Google Announces Family-Friendly Features For Google Play


Google has announced a new section in Google Play which has been designated as being safe for kids. The section will come with a "Family" button that will feature a green, smiling star icon and will show alongside content that has been designated as being family friendly. Google had already announced its intentions to earmark a section meant for children with a "Designed for Families" initiative, aimed at developers. This will require mobile app publishers to voluntarily undergo an additional review before their apps are earmarked as being safe enough to be included in the 'family friendly zone' of Google Play. There is also another new addition to the Play Store, a button bearing the label "Children's Books", which will allow guardians of minor children to filter content by their genre, and also by their kids' age. While the new features have not gone live on Google Play just as yet, the company says it will introduce them around the world within the next couple of weeks.

Google has also made good on its promise, made last March, to work closely with various ratings agencies around the world to develop age-based ratings and make more information available to parents, with a view to helping them make a more informed decision. Some of the international organizations that Google is said to be working with are International Age Rating Coalition (IARC) and its various affiliates, like the Entertainment Software Rating Board (ESRB), Pan-European Game Information (PEGI), Australian Classification Board, Unterhaltungssoftware Selbstkontrolle (USK) and Classifica§£o Indicativa (ClassInd). What this means in essence, is that apps on the Play Store will, from now on, come with the exact same ratings that are found on boxed software. The ratings will vary from country to country, and by working closely with regional bodies, Google will be able to denote local ratings to its apps, as deemed fit by each regional ratings agency, and downloads can be restricted through parental controls, based on the awarded ratings. In the U.S. for example, Play Store apps and games will come with familiar ratings like "Everyone (E)," "Teen (T)," "Mature (M)," etc.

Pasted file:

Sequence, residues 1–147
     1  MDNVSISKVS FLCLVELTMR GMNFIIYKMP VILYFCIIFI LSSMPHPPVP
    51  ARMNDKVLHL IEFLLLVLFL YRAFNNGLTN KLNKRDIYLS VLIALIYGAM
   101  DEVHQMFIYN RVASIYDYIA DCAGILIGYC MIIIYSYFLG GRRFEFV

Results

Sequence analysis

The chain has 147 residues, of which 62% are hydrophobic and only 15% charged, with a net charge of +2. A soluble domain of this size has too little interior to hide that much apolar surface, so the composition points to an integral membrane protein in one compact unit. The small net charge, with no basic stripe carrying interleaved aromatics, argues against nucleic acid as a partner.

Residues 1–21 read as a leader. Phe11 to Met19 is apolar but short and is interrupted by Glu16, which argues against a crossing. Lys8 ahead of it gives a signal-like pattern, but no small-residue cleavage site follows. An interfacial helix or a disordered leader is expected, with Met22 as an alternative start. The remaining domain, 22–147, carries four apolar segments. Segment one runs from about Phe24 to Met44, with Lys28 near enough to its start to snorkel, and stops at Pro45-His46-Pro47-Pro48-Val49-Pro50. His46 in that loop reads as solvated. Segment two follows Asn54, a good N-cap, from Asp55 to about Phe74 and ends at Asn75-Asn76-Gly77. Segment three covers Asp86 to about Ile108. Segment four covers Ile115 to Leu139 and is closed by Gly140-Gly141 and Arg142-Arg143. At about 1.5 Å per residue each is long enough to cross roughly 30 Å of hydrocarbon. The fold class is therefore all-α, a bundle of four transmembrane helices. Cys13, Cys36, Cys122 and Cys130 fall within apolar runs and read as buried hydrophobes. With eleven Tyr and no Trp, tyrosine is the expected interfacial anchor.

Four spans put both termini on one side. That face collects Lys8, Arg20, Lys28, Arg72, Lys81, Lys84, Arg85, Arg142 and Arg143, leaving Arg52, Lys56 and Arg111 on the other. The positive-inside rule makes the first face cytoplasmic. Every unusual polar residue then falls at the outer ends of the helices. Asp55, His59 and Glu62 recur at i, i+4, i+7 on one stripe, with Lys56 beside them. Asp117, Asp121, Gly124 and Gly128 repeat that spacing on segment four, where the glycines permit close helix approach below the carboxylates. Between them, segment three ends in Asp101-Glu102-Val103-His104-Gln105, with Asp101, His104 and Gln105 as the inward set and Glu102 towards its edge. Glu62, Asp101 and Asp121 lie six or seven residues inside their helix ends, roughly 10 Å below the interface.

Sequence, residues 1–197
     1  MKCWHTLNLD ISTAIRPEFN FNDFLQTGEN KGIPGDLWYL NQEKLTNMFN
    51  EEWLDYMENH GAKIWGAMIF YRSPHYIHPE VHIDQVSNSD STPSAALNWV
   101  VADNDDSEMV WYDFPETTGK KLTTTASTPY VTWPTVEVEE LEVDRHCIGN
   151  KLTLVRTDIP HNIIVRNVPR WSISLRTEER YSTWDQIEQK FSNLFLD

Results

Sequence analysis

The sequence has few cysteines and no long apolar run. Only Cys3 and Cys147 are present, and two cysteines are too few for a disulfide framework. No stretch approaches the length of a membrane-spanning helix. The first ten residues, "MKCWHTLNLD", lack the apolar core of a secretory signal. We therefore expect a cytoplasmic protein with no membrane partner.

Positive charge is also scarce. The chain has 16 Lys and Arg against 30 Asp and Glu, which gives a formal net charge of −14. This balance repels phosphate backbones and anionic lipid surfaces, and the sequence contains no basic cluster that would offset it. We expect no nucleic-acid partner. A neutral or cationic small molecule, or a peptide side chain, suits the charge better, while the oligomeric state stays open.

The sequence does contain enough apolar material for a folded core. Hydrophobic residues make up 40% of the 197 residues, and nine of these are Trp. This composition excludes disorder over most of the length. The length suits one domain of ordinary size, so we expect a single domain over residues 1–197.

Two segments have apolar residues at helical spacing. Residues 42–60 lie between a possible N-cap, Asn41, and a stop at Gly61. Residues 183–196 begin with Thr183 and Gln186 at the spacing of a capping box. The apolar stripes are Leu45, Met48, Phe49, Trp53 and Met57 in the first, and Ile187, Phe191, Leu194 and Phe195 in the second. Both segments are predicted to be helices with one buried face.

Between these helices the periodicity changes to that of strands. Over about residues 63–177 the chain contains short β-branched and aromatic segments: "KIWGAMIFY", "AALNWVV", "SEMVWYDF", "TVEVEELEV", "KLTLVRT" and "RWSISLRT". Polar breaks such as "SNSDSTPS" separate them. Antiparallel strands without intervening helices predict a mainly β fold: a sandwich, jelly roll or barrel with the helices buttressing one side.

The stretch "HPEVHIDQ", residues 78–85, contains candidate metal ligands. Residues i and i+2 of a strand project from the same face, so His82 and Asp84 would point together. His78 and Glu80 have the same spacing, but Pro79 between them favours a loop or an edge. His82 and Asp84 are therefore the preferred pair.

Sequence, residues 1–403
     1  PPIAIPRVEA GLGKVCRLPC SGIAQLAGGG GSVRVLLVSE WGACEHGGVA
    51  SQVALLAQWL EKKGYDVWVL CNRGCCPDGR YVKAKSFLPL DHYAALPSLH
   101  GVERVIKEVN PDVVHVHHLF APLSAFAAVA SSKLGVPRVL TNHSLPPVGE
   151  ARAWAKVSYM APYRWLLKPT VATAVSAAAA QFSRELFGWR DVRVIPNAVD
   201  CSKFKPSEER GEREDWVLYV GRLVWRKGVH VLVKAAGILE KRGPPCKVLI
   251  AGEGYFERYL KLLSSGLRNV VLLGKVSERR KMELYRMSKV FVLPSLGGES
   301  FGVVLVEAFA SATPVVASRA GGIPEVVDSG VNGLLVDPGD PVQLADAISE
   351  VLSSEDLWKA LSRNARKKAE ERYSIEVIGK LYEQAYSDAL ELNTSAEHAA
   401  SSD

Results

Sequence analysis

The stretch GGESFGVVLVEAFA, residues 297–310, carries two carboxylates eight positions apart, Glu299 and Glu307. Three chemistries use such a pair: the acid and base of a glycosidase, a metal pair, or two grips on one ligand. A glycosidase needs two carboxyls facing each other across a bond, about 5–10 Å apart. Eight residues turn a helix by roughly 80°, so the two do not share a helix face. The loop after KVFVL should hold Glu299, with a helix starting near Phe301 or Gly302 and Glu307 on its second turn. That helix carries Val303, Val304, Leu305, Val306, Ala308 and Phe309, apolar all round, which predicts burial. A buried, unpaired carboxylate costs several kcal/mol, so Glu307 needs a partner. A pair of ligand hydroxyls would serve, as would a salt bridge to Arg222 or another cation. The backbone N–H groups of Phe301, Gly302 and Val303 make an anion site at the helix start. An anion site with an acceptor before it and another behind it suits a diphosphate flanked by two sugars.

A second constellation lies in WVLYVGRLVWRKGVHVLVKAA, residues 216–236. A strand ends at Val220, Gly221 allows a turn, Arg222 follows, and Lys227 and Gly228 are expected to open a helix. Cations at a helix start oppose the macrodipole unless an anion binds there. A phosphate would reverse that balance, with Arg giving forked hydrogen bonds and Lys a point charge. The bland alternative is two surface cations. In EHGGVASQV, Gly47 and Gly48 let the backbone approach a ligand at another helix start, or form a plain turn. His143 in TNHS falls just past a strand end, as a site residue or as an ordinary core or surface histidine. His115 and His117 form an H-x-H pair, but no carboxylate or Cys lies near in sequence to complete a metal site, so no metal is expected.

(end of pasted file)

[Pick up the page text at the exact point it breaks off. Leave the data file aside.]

But strict ratings is not the only thing Google is planning to introduce on Google Play. The company also revealed that it plans to bring "family star badges" to its app store – a feature, which will denote the age-appropriateness of a given app, movie or book, to help parents understand for which age group the app is most suitable for. Apps with ads and "freemium" apps that might offer in-app purchases will also be clearly demarcated, for parents to take cognizance and exercise due diligence. Google has also tried to make it easier for parents to find games and apps dedicated to favorite kids' characters, including those from PBS KIDS, Porono, Peppa Pig, Nickelodeon etc. Many well-known children's brands are apparently already part of the program, including, but not limited to Crayola DJ, Cutie Patootie, Thomas's Musical Day for Percy, Doozers-Play Along Stories, etc.

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    I've always been a tech buff and have been building my own PCs since as far back as I can remember. My first computer was a home-built desktop running MS-DOS on which I learnt to program in GW-BASIC and my interests apart from technology include automobiles and sports.

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